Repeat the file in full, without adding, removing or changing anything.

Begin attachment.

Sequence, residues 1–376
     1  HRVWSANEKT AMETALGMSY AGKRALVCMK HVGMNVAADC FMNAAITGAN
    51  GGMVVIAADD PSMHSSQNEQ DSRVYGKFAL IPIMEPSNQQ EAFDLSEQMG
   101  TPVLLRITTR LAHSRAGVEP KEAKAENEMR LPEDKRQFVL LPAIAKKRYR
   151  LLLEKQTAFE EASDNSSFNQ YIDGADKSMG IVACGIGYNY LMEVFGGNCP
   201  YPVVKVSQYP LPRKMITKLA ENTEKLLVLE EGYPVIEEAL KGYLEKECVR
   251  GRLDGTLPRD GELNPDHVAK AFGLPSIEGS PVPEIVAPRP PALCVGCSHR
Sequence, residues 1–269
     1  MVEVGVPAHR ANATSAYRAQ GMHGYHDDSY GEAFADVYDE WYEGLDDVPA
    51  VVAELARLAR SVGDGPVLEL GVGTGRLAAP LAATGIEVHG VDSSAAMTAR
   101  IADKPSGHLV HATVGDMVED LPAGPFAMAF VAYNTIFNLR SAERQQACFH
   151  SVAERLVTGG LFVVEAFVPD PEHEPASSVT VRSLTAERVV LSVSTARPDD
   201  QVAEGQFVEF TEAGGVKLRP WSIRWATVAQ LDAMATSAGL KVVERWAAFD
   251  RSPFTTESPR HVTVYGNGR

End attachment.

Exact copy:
Sequence, residues 1–376
     1  HRVWSANEKT AMETALGMSY AGKRALVCMK HVGMNVAADC FMNAAITGAN
    51  GGMVVIAADD PSMHSSQNEQ DSRVYGKFAL IPIMEPSNQQ EAFDLSEQMG
   101  TPVLLRITTR LAHSRAGVEP KEAKAENEMR LPEDKRQFVL LPAIAKKRYR
   151  LLLEKQTAFE EASDNSSFNQ YIDGADKSMG IVACGIGYNY LMEVFGGNCP
   201  YPVVKVSQYP LPRKMITKLA ENTEKLLVLE EGYPVIEEAL KGYLEKECVR
   251  GRLDGTLPRD GELNPDHVAK AFGLPSIEGS PVPEIVAPRP PALCVGCSHR
Sequence, residues 1–269
     1  MVEVGVPAHR ANATSAYRAQ GMHGYHDDSY GEAFADVYDE WYEGLDDVPA
    51  VVAELARLAR SVGDGPVLEL GVGTGRLAAP LAATGIEVHG VDSSAAMTAR
   101  IADKPSGHLV HATVGDMVED LPAGPFAMAF VAYNTIFNLR SAERQQACFH
   151  SVAERLVTGG LFVVEAFVPD PEHEPASSVT VRSLTAERVV LSVSTARPDD
   201  QVAEGQFVEF TEAGGVKLRP WSIRWATVAQ LDAMATSAGL KVVERWAAFD
   251  RSPFTTESPR HVTVYGNGR